CAIRO – Smoke billowed in the sky as Egyptian helicopter gunships rocketed suspected Islamic militant hideouts in the lawless northern Sinai Peninsula for a second day on Sunday, killing 11 suspected fighters as part of the largest military offensive in the region in years, military officials said.
They say the assault aims to drive out al-Qaida-inspired groups from several villages of the restive border region, where militants have established strongholds and stockpiled an unprecedented amount of weapons.
Also Sunday, a militant group in northern Sinai allegedly claimed responsibility for a failed assassination attempt on the country’s interior minister last week. In a statement attributed to Ansar Jerusalem posted on militant websites, the Islamic extremist group claimed it was behind the attack on Mohammed Ibrahim. The statement said military chief Gen. Abdel-Fattah el-Sissi, who led a coup against former Islamist President Mohammed Morsi, is another target.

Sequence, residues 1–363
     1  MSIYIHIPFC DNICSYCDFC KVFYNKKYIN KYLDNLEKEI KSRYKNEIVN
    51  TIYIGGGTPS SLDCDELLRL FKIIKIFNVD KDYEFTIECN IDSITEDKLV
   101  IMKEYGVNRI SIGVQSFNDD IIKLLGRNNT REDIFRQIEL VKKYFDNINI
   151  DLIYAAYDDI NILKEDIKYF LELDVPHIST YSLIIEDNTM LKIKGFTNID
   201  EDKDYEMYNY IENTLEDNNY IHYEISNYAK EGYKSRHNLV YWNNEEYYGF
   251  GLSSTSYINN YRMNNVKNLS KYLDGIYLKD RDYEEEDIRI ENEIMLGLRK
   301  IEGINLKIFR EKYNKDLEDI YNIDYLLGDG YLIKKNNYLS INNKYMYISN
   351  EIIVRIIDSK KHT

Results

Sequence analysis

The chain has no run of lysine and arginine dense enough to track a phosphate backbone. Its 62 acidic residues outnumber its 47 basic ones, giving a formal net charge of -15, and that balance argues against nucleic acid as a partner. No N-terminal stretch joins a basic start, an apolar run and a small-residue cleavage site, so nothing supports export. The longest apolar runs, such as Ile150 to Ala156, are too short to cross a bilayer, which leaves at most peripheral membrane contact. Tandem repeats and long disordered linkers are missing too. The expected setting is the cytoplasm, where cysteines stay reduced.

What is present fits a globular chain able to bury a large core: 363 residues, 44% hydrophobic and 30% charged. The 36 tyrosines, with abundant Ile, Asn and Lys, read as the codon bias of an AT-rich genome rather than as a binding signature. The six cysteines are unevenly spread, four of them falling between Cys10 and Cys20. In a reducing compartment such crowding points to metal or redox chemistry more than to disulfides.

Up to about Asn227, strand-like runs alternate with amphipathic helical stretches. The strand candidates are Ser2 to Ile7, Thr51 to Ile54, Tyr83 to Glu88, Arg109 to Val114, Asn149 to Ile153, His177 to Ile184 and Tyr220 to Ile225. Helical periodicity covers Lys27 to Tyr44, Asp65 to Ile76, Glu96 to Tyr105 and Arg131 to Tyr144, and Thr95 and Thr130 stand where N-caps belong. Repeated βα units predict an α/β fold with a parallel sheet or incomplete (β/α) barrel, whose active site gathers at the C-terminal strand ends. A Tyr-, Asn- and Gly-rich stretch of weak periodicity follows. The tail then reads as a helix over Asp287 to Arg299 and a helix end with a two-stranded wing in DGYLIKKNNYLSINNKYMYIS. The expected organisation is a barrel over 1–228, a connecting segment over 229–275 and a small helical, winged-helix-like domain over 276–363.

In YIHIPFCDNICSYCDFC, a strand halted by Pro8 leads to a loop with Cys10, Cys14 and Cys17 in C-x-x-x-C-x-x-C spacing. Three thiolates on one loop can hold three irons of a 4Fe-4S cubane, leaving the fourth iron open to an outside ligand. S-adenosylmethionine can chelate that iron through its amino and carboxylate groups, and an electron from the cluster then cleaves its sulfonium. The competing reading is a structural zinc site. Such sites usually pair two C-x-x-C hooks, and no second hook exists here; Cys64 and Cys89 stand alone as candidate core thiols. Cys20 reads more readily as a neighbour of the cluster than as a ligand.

A military official said 11 militants and one soldier were killed in the fighting on Sunday. He said 10 militants had been arrested. A day earlier two soldiers and nine militants were killed in the offensive.
Gen. Osama Askar of the 3rd Army told reporters troops had seized at least 10 shoulder-fired Sam-7 anti-aircraft missiles a day earlier. They were found in a mosque and in homes of suspected militants in the town of Sheikh Zuweyid, near the border with the Gaza Strip and Israel.
Western officials say thousands of shoulder-launched missiles went missing from Libyan arsenals since that country’s 2011 civil war. Egyptian authorities say Libyan missiles have been smuggled into the Sinai, and some of those have gone on to Gaza.
Armed Forces spokesman Col. Ahmed Mohammed Ali said helicopters had provided air cover for what was “the biggest security operation” in the northern Sinai in years.
A second military official said the military found heavy weapons, explosive belts for suicide bombers, mortars, RPGs, anti-aircraft missiles and maps with positions of the military in the region.